Critics complained that the game lacked depth and balance, disqualifying it from being considered a true fighting title, but any SSB fan knows its chaotic nature is what truly sets it apart as something special. Now, the franchise has grown into a pillar of the competitive gaming community, but there’s no way the series would be where it is today without this quirky and ridiculously fun initial title.

Buy it here.

Star Wars: Rogue Squadron

Top 10 Nintendo 64 Games
(Nintendo)

PC gamers had been familiar with high-intensity, laser-filled dog fights for a while thanks to the X-Wing and TIE Fighter flight sim series, but Rogue Squadron finally introduced console players to Star Wars aerial combat in all its glory. Sure, you could make the argument that Shadows of the Empire introduced the Star Wars piloting experience two years prior with its opening mission on Hoth, but Rogue Squadron provided the polish and depth that we craved after being teased with that initial (somewhat janky) snow level.

With 15 regular missions, each taking place on a new planet, Rogue Squadron truly gave players the experience of battling the might of the Empire from the cockpit of just about every Rebel Alliance starfighter. Add a medal system for each mission and opportunities to replay levels with different spacecraft and you’ve got one hell of a flight combat simulator. The only thing we’re really bummed about is the lack of a multiplayer mode, which would have fit into this one perfectly.

Buy it here.

Mario Kart 64

Top 10 Nintendo 64 Games
(Nintendo)

It might not have been the first Mario Kart game but Mario Kart 64 was the first to incorporate 4-player split-screen for ultimate multiplayer mayhem. The single-player experience was admittedly a little shallow but it only took one Grand Prix run or high-intensity round of battle mode with four of your buddies to make you realize that this game was truly one for the ages.

The mix polygons and sprites give the game a genuinely cartoony feel that seemed perfect for the series and the addition of the blue shell, while controversial, is noteworthy if only for the number of friendships it has ruined. It probably isn’t the best Mario Kart entry in the franchise but there’s a good chance it’s the one that holds the fondest memories.

Buy it here.

GoldenEye 007

Top 10 Nintendo 64 Games
(Nintendo)

Arguably THE multiplayer experience, GoldenEye 007 was the game responsible for the severing of friendships, broken controllers, and completely dominating our lives… and we loved it. Sure, it’s technically based on a James Bond film of the same name, but the vast majority of players remember it predominantly for its frantic and addictive split-screen multiplayer.

While PC players had been playing first-person shooters for years, GoldenEye became the definitive FPS for console gamers, and it has held a sort of legendary status ever since. The single-joystick control scheme might feel a bit wonky and dated compared to the dual-sticks of modern console shooters, but games like Halo and Call of Duty definitely wouldn’t be where they are today if GoldenEye 007 hadn’t paved the way. You could also make the argument that Rare’s Perfect Dark improved upon the mechanics and gameplay of GoldenEye, but which game gave you more memories with proximity mines? Yeah, that’s what I thought.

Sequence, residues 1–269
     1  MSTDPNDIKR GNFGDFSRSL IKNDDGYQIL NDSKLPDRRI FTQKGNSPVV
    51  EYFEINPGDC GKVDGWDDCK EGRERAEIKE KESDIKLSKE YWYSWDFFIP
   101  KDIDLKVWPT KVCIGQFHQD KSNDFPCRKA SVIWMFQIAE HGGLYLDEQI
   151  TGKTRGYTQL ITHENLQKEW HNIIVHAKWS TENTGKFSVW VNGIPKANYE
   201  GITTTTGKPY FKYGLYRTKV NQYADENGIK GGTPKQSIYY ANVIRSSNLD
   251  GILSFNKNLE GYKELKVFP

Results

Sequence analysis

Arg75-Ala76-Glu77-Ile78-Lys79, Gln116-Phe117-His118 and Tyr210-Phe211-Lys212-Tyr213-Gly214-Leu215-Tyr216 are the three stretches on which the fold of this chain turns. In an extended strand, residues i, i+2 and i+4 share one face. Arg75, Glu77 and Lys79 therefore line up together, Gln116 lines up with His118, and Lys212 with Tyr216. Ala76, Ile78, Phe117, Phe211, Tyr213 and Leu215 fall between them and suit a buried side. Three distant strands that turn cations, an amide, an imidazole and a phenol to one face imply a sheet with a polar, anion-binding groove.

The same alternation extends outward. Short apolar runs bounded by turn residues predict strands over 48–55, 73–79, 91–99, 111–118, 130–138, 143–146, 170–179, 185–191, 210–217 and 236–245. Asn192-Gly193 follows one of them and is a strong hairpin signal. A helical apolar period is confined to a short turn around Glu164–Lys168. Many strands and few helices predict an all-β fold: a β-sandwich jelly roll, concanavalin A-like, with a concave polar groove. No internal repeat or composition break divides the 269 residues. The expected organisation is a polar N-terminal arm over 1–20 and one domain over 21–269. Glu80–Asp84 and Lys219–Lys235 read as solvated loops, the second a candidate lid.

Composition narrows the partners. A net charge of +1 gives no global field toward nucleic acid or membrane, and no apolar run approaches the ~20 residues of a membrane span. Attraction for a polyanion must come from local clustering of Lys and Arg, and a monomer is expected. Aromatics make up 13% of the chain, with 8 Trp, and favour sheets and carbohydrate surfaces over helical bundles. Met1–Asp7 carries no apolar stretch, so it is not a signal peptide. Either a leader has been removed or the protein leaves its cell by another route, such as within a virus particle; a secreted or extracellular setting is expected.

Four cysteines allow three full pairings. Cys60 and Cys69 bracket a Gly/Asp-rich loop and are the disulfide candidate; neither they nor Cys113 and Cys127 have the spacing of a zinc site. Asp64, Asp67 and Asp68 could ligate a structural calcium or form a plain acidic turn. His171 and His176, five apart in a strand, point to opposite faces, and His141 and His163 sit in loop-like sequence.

Buy it here.

Super Mario 64

Top 10 Nintendo 64 Games
(Nintendo)

Few games, if any, made a splash in the video game community like Super Mario 64. It was the first game to feature Nintendo’s jumping mustachioed plumber in a fully 3D environment, but you’d never know it given the smooth-as-hell platforming gameplay, wide array of new jumping abilities, and diverse level designs. It was truly the perfect translation from two dimensions to three, and Shigeru Miyamoto and his team did it in one try!

There was so much to do in this game—not only in the levels themselves but in the castle overworld, too—that it’s easy to lose sight of the overarching goal (sorry, Princess). Sure, the camera can be a little finicky and graphical glitches are an occasional annoyance, but this N64 launch title is a brilliant entry in Mario’s fabled franchise and still a must-play to this day.

Buy it here.

Legend of Zelda: Ocarina of Time

Top 10 Nintendo 64 Games
(Nintendo)

Legend of Zelda: Ocarina of Time wasn’t even close to the first game in the fabled franchise but it was the first time Nintendo allowed us to take control of Link in a fully 3D rendered world, and, boy, oh boy, did they nail it. Boasting an astounding (at the time) 40 hours of gameplay across vast fields, mountains, and lakes, Ocarina of Time felt enormous and truly epic as you watched Link grow from child to adulthood, battle incredible bosses, learn magical new abilities, and time travel to finally defeat Ganon.

From the music and sound design to gameplay and cutscenes, everything in this game was top-notch and completely immersed players in its version of Hyrule. Plus, the monumental conclusion is canonically responsible for splintering the franchise into its multiple timelines, so not only is Ocarina of Time a crucial installment in the world of video games but possibly the most important entry in the entire Zelda franchise.

Buy it here.

Although we only recommend picks we really love, we may earn a commission on purchases made through links from our site.

The Dad Of The Month, May 2020: Andy Salamone

(Photos courtesy of Pier Reiter)